Over-the-counter electricity trading in Romania may be discontinued from next week after controversial amendments to the country's Energy Law were published in the Official Gazette on Monday.
The changes stipulate that electricity trading will be carried out in a "centralised manner". However, the legislation fails to define the exact meaning of centralised trading, leaving room to several possible interpretations.
Some participants have argued that under the new requirements, all trading activities will be moved to a central platform, possibly the OPCOM exchange. This may mean that OTC could be discontinued, although there are no official clarifications in that respect.
Generally, once a law is published in the Official Gazette, it is enforced within three days. However, in an interview with ICIS, president of the Association of Electricity Suppliers in Romania (AFEER), Ion Lungu, said the organisation was expecting to discuss with regulator ANRE whether the deadline may be extended until the watchdog draws up a series of clarifications to the main legislation.
"At the moment, we are in limbo," he said. "We are looking to discuss matters with ANRE to ensure there are no blockages in the trading activity."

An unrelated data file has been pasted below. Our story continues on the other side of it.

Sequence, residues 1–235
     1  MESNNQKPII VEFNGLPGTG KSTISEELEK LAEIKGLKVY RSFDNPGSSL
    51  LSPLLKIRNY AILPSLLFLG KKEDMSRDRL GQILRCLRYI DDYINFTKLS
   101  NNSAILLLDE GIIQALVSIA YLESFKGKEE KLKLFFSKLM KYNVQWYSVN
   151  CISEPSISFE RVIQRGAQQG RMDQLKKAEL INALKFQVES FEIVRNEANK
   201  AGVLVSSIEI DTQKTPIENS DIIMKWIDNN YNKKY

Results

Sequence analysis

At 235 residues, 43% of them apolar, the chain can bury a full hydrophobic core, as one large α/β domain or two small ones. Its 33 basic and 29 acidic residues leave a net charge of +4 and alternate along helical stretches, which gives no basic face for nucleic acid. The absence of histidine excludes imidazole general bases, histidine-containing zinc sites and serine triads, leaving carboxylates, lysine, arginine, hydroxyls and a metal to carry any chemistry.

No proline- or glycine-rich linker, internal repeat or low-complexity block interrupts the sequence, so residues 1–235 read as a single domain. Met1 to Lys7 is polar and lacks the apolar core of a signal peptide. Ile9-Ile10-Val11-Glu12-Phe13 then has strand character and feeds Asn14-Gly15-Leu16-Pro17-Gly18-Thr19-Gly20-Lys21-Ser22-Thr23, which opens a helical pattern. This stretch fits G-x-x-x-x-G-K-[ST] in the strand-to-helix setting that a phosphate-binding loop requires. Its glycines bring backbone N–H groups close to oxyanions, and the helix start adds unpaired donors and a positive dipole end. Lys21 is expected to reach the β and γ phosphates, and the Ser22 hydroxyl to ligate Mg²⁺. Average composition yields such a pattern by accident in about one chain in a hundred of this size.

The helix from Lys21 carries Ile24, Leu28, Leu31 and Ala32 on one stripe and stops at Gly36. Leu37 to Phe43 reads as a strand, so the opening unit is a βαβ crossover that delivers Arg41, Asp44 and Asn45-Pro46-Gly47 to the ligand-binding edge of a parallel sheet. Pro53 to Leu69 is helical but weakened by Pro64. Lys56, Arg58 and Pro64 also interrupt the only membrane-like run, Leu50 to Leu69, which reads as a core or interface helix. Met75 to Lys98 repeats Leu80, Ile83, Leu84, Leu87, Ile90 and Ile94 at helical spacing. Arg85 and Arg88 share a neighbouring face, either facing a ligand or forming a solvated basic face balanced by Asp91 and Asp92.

A trader active on the Romanian market said there was further confusion regarding the actual counterparties that may be affected by the new law.
"We still don't know whether the amendments will affect only state-owned producers or private producers and traders," he said.
Another source wondered whether companies which have OTC trading licences may have them removed under the new law.
However, he pointed out: "Since Romania is an EU member, EU law will prevail, which means that trading companies can still close bilateral deals outside a central platform."
Some participants interviewed on Wednesday said trading screens were blank because of the heightened uncertainty, but one source said bilateral deals had been closed over the phone. AS